Gita 2.21

vedavinasinam nityam

ya enam ajam avyayam

katham sa purusah partha

kam ghatayati hanti kam


O Partha, how can a person who knows that the soul is indestructible, unborn, eternal and immutable, kill anyone or cause anyone to kill?


Possessing spiritual intelligence, knowing the soul to be eternal, understanding it to be birth-less and deathless and being of an inexhaustible nature, how is it possible for anyone to commit any act of destruction against the immortal soul. Thus it can be seen that ignorance of the eternal nature of the soul is the cause of all grief by not understanding that the soul is immortal and thinking that the eternal soul perishes when the physical body perishes. Comprehending that what happens to the immortal soul when the physical body ceases to function is factually the withdrawal from an old physical body to enter into a new physical body.

Even from a common man’s perspective, Krishna’s call to fight can be justified as follows. Although the Judge in a court of Law awards capital punishment to a person condemned for murder, he cannot be blamed because he orders violence to another person according to the codes of justice. In Manu-samhita, the law book for mankind, it is supported that a murderer should be condemned to death so that in his next life he will not have to suffer for the great sin he has committed. Therefore, the king’s punishment of hanging a murderer is actually beneficial. Similarly, when Krishna orders fighting, it must be concluded that violence is for supreme justice, and, as such, Arjuna should follow the instruction, knowing well that such violence, committed in the act of fighting for Krishna, is not violence at all because, at any rate, the man, or rather the soul, cannot be killed; so for the administration of justice, so-called violence is permitted. A surgical operation is not meant to kill the patient, but to cure him. Therefore the fighting to be executed by Arjuna at the instruction of Krishna is with full knowledge, so there is no possibility of sinful reaction.

Gita 2.22

vasamsi jirnani yatha vihaya

navani grhnati naro ‘parani

tatha sarirani vihaya jirnany

anyani samyati navani dehi


As a person puts on new garments, giving up old ones, similarly, the soul accepts new material bodies, giving up the old and useless ones.


Lord Krishna explains that just as there is no grief when one discards old worn out garments and there is joy at accepting new garments in the same way the embodied soul discarding old worn out bodies joyfully accepts new ones. So if preceptors like Bhishma were to lose their body in this war of righteousness then they would receive a new and better physical body in their next life and it would be beneficial for them and not unfavourable.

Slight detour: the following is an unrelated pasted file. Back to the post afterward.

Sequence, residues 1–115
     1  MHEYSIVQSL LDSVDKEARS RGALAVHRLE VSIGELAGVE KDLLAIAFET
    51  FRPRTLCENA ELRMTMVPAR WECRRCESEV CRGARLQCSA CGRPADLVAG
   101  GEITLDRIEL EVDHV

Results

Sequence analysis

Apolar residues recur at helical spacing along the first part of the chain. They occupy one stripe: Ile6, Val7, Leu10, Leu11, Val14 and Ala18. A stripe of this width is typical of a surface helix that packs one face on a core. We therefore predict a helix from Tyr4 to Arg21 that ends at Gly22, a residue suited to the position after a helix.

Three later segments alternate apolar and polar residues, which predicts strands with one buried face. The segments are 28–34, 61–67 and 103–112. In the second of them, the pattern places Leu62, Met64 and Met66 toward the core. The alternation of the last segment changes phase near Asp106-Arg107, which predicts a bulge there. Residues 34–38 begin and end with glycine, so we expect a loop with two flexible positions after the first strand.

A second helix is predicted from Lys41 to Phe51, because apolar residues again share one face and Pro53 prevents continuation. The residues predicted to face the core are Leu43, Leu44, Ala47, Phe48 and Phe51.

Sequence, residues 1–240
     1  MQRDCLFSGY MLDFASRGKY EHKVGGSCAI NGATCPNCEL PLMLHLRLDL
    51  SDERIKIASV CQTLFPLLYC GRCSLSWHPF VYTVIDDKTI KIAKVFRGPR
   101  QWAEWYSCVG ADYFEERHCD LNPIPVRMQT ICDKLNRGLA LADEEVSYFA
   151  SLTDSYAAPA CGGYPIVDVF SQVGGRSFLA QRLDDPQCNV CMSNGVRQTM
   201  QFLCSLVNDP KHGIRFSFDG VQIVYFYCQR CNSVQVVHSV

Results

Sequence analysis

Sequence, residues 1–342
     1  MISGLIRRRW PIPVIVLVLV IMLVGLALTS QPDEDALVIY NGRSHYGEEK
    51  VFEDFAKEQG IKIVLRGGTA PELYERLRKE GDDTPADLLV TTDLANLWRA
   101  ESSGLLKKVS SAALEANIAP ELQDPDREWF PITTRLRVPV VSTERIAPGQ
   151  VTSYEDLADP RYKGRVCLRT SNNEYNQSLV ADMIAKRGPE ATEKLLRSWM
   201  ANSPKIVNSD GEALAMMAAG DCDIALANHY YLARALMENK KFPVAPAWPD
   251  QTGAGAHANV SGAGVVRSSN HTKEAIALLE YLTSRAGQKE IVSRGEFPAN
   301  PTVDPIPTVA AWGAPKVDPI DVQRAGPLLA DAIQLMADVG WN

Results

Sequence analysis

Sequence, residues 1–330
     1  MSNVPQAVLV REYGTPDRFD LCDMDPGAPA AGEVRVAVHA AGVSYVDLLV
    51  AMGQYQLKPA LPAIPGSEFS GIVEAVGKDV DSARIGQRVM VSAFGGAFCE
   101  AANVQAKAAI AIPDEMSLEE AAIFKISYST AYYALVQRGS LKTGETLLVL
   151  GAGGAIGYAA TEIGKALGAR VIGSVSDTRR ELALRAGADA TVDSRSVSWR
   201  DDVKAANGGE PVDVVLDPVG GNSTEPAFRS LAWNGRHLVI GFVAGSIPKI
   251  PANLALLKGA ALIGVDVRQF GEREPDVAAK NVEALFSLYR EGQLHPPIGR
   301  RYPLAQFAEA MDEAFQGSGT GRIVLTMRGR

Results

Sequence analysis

Another question that arises is that a man is happy by discarding old clothes and putting on new ones, whereas he feels grieved, while casting off an old body and getting into a new one. The reason is that a man by identifying himself with a body wants to live long and thinks of the death of the body, as his own death. Thus, he gets sad. The grief (sadness) is the result of the desire to live, not because of death. Also death is erroneously associated with a state of suffering. The fact is death is an ecstasy, for it removes the physical torture of disease and state of suffering and frees the soul of all pain springing from body identification. From joy people are born, for joy they live and in joy they melt at death.

God has granted liberty to living beings, to make proper use of their lives, but they misuse it and so they have to go through a cycle of birth and death. They can be free from this cycle, by making proper use of this liberty. It means that if they start working for the welfare of others, by renouncing their selfishness, they will be free from this cycle. A body is acquired for the purpose of exhausting a particular karma and when the result of that karma has been experienced, that body has served its purpose and becomes jirna. The residue of karma cannot be exhausted in that body and hence it is shed to acquire a different one suited for the purpose. So death is not something to be feared or grieved about at any age.